The 10 Most Critically Acclaimed Sci-Fi Films

As with horror and fantasy, science fiction has always been an incredibly popular genre, especially in the cinematic medium. Heck, one of the first major film productions was sci-fi, namely Georges Méliès’ Voyage dans la Lune, or A Trip to the Moon, based off the works of the godfather of science fiction himself, Jules Verne. But while sci-fi fandom is arguably the most sincere in the history of genre fiction, it has had difficulties finding acceptance among mainstream awards: in the history of the Academy Awards not a single science fiction movie has won Best Picture, though several—Inception and Gravity chief among them—have received the nomination.

Yet though these films might not win over the Academy voters as a whole, one cannot deny how well they have been received by the critical community at large. The following films are the most critically successful in the history of the sci-fi genre, as per aggregate movie review site Rotten Tomatoes.

(NOTE: percentages denote how many reviews have been positive, and while it seems that the higher the percentage is, the higher-ranked the film would be, RT also factors in the number of reviews for a given film. So while Alien and Gravity have the same percentage of positive reviews, Gravity is ranked higher because it draws from a larger sample size. Statistics!)


10 Forbidden Planet, Fred M. Wilcox, 1956 – 98%

Starring Leslie Nielsen in a pre-comedic role and introducing the world to one of the most famous automatons in sci-fi, Robby the Robot, Forbidden Planet draws inspiration for its plot and characters from, of all places, William Shakespeare’s The Tempest. The film follows the crew of an interplanetary investigation, who land on a distant planet in hopes of discovering what happened to an earlier expedition. They find a lone surviving scientist and his daughter, and in time learn that the former conceals a secret about the planet’s very nature. Besides featuring one of the first anthropomorphized robots—who would pave the way for C-3PO and R2-D2 in time—Forbidden Planet also had a completely electronic film score, one of the first of its kind, composed by married musicians Bebe and Louis Barron. Today, it’s regarded as a seminal science fiction film, having been entered into the Library of Congress’ National Film Registry.

9 Aliens, James Cameron, 1986 – 98%


The first sequel to Ridley Scott’s sci-fi/horror film Alien, Aliens sees last survivor of the Nostromo Ellen Ripley (Sigourney Weaver) being awoken after nearly six decades in cryogenic hibernation, only to discover that the planet on which she and her crew discovered thousands of Alien eggs has been colonized by dozens of families in the interim. When contact with the colony goes dark, Ripley travels to the planet with a squadron of Marines, discovering to their horror that all but one of the settlers have been harvested by the parasitic creatures. Cameron’s sequel focused less on the horror and haunted house aspects of the first movie and turned it into a full-fledged action romp, complete with blazing machine guns and a constantly swearing Bill Paxton. But it wasn’t a dumb popcorn flick, with critics praising its intensity and the performance of Weaver as Ripley, who as the film progresses evolves from a traumatized survivor into a warrior. Weaver even received an Academy Award nomination for Best Actress for her performance, though she lost out to Marlee Matlin.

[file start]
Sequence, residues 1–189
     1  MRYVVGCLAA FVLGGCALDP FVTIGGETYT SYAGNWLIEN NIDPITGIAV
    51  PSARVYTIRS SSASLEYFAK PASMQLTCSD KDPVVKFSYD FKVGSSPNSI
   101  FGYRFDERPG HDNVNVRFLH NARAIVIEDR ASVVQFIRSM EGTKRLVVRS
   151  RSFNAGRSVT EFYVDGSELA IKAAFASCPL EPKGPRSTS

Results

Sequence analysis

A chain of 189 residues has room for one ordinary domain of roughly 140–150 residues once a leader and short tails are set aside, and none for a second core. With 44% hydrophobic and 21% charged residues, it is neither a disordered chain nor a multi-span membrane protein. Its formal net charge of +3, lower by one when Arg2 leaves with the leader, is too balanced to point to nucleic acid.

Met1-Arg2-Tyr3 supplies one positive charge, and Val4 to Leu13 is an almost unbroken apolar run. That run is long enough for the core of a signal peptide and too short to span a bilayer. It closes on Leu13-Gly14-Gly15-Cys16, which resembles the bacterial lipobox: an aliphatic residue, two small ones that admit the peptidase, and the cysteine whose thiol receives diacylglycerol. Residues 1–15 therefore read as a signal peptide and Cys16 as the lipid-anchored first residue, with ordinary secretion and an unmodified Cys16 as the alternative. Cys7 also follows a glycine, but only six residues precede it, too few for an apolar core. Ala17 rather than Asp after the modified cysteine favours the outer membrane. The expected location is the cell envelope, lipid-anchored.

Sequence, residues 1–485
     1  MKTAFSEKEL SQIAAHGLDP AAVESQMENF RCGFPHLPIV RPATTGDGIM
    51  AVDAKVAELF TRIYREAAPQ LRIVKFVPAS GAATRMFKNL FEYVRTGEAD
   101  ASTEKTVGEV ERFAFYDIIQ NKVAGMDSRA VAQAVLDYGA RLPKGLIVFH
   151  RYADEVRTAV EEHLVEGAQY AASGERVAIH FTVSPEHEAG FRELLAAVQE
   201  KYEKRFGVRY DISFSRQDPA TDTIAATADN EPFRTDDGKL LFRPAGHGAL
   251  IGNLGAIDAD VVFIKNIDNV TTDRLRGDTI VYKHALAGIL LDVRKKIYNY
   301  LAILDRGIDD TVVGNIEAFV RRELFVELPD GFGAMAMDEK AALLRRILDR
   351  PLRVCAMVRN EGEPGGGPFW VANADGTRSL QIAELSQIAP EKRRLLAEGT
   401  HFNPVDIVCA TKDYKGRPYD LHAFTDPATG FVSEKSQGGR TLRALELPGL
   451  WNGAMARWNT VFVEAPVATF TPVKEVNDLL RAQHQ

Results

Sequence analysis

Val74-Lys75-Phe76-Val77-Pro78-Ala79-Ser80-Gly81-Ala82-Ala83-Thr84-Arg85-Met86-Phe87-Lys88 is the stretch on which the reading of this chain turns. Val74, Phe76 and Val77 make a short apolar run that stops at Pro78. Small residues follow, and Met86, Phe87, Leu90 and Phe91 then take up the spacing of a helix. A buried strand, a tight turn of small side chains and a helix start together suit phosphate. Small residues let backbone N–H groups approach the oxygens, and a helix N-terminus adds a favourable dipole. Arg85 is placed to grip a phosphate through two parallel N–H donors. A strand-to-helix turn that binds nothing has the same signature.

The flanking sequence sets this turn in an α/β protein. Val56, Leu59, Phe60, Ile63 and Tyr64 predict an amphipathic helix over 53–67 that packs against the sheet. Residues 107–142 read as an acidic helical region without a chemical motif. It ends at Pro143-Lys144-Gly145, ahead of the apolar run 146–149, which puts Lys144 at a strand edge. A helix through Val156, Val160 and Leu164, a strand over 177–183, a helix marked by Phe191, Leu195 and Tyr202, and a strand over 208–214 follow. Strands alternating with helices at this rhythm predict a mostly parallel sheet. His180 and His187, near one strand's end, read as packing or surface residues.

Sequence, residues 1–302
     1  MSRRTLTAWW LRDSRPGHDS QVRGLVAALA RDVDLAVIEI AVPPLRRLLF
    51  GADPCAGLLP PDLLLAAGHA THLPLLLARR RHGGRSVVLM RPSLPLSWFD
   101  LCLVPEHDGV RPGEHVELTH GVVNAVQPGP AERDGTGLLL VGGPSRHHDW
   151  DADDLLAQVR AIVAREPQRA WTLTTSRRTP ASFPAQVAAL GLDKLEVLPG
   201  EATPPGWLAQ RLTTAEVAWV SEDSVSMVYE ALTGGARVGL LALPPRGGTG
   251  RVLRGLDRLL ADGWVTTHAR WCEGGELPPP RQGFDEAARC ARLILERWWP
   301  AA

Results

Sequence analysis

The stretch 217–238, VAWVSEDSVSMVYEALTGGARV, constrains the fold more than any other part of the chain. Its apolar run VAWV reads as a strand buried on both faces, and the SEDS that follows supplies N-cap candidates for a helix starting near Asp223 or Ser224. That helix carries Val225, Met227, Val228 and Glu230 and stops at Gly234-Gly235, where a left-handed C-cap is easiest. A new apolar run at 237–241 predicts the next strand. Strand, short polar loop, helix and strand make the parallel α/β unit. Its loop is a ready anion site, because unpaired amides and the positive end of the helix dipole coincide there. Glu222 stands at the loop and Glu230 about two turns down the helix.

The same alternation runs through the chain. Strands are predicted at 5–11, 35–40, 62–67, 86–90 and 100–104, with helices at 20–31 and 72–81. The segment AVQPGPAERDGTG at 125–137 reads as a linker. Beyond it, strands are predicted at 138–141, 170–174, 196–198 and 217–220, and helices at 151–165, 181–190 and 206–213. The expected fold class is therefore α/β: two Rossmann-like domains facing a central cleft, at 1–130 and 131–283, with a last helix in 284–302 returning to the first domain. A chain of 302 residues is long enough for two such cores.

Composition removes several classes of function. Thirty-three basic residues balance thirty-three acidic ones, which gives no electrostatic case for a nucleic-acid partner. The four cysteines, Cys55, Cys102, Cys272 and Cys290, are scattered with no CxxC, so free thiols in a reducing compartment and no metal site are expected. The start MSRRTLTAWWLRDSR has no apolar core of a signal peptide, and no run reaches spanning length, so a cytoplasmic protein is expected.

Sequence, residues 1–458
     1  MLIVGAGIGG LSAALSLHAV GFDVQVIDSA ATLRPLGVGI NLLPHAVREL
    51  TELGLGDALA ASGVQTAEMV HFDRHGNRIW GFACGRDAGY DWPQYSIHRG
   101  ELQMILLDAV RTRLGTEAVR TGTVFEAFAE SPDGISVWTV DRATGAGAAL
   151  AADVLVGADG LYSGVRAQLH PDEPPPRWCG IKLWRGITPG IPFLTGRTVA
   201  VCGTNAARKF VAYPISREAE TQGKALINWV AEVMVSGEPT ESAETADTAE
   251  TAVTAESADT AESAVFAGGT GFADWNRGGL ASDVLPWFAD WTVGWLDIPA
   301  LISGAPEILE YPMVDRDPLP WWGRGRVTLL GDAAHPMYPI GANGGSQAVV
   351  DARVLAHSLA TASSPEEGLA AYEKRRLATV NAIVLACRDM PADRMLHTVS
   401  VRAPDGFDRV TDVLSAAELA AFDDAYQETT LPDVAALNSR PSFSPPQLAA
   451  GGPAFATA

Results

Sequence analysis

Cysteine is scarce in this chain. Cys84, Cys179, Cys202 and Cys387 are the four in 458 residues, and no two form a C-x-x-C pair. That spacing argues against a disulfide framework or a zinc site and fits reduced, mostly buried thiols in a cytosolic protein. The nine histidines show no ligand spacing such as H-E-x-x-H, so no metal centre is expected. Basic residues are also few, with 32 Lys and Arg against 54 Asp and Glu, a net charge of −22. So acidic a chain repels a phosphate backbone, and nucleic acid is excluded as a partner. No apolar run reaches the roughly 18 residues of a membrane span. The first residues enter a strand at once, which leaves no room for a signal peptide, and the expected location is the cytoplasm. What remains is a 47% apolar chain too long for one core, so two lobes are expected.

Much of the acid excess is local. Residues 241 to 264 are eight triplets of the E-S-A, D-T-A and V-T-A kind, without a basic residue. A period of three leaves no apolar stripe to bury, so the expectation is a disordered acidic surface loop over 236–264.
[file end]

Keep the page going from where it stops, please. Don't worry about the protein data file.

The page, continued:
8 Star Wars: Episode V – The Empire Strikes Back, Irvin Kershner, 1980 – 96%

Though not directed by Star Wars creator George Lucas, The Empire Strikes Back is regarded by many as the best entry in the franchise, ranking the highest of the series on the Internet Movie Database Top 250 at #12. In contrast to the adventurous, light-hearted affair of the first film, Empire takes a fairly dark turn, following Luke, Han and Leia as they flee pursuing Imperial forces and featuring one of the greatest twists in the history of cinema and storytelling as a whole (which, while over three decades old will not be mentioned out of courtesy for the young’uns). Surprisingly, it initially received mixed reviews, with the Washington Post’s Judith Martin criticizing it for lacking a conventional story structure. By the time the Special Editions of the Star Wars films were released in 1997, however, it had risen to become the best of the trilogy in the eyes of Roger Ebert among many others. While it missed out on major nominations at the Academy Awards, Empire won Oscars for Visual Effects and Sound Mixing.

7 The Terminator, James Cameron, 1984 – 100%